You can’t learn to drive a stick shift if you don’t have a stick shift car to learn on. But you can’t have a stick shift car unless if you know how to drive one. It’s a vicious circle! Ok, not really. You actually have access to many more stick shift cars than you might be aware of. Here are our top recommendations for finding a stick shift car to learn on and practice with.
When it comes to learning to drive a manual transmission car, there are two aspects. The first is the technical elements of what you do with your hands and feet. The second is how you decide to orient yourself emotionally to the experience of learning to drive a manual transmission so that it is a relatively painless.
When our customers express anxiety about taking a stick shift driving lesson, they're usually envisioning awful things happening that, well, don't ever really happen. Because they've never done it before, they don't know what the worst thing is that could happen. After helping over 1000 people to learn how to drive a manual transmission car, we've seen "the worst" and it ain't nearly as bad as you might expect. My best advice for learning stick shift actually has more to do with emotions than it has to do with your feet and hands. Whether you learn with us, a friend, or an instructor at a driving school, here are some tips to help you learn to drive a stick shift on the right foot.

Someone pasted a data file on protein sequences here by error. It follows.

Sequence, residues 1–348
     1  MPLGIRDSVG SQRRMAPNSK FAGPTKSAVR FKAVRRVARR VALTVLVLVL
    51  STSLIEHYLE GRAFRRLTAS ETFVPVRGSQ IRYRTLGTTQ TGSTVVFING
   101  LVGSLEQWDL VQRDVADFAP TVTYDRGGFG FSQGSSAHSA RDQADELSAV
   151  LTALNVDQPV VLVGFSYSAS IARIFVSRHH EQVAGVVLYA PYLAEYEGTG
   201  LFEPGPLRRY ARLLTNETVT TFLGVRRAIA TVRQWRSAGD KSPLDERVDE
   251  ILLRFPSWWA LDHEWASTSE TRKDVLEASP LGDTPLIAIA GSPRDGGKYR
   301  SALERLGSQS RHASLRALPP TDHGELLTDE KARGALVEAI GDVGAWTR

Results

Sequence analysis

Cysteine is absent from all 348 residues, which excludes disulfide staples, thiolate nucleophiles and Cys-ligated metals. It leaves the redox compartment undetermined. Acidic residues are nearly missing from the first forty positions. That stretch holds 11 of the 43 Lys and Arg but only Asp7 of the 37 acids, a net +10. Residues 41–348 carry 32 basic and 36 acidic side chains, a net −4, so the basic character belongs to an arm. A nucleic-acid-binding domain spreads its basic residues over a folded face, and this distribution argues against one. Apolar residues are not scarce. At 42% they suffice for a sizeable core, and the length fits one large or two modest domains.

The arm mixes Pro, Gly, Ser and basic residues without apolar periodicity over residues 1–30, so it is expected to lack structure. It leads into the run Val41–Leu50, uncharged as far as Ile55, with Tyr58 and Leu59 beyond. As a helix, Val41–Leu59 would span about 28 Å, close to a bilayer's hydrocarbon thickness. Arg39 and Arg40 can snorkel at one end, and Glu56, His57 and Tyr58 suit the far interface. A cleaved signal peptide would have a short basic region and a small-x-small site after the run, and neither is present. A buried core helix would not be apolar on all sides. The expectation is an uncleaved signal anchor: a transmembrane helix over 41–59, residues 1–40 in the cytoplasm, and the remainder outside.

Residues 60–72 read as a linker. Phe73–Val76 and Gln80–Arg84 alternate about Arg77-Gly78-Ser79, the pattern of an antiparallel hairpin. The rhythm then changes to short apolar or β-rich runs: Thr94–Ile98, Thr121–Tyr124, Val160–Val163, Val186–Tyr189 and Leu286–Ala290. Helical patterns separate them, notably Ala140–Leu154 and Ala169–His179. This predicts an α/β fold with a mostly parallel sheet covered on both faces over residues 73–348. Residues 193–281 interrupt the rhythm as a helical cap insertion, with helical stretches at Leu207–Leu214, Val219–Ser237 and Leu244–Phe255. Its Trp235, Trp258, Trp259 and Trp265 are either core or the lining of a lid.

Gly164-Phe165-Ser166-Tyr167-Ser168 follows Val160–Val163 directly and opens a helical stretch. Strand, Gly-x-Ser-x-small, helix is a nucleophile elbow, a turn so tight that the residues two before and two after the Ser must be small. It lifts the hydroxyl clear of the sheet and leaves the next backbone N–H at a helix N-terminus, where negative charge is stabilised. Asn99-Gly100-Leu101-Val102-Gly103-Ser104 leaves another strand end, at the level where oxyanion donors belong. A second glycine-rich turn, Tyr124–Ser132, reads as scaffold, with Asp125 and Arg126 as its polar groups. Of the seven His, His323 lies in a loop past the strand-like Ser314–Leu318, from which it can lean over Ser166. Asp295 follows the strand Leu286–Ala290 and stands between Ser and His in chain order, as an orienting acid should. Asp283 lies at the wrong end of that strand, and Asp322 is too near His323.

You can imagine that we get a lot of skepticism about why we’d come up with a business for trying to help keep the manuals alive. People are always asking us why we’re doing this and why anyone would want to learn to drive stick shift. For some, they’re learning for work reasons (valets, longshoremen, UPS drivers, etc…). But for many others, they’re learning because they want to drive a stick shift. It’s not about need. It’s about something much bigger than need. So, in no particular order, these are the most common reasons why people say they prefer to drive a stick shift
1) Emotional Connection - Feeling More Engaged
First and foremost, driving a stick shift is a completely different feeling and one that I would argue is better. Driving a stick shift makes you feel way more connected to the car and the environment around you. Because of that direct connection, you have a much better sense of what the car is going to do when you make a change, which enables you to make better choices for the environment. That engagement also makes you much more focussed on the task at hand than, say, the infotainment system, your phone, or something else. You simply do not have the mental bandwidth to focus on anything else. While that may not seem like fun, consider how distracted drivers are more likely to get into accidents than non-distracted drivers. Distracted driving — including texting while driving — is the cause of more than 58% of crashes involving teen drivers and that nearly 4000 people per year are killed in accidents that were caused by distracted driving. Being more connected is also just more fun. I do all sorts of things simply for the enjoyment of it. I go for long bike rides fairly frequently, snowboard, swim, cook somewhat complicated meals, and do all sorts of things simply for the enjoyment of the task. Sure, I could find more efficient or easier ways of getting things done. But why would I? Driving stick shift turns what otherwise would be a boring drive to the store into an opportunity to have fun.
Pssttt… Want a cheat code for saving about 50% off of renting a car when you travel? In most parts of the world, if you rent a stick shift car you can save a ton of money.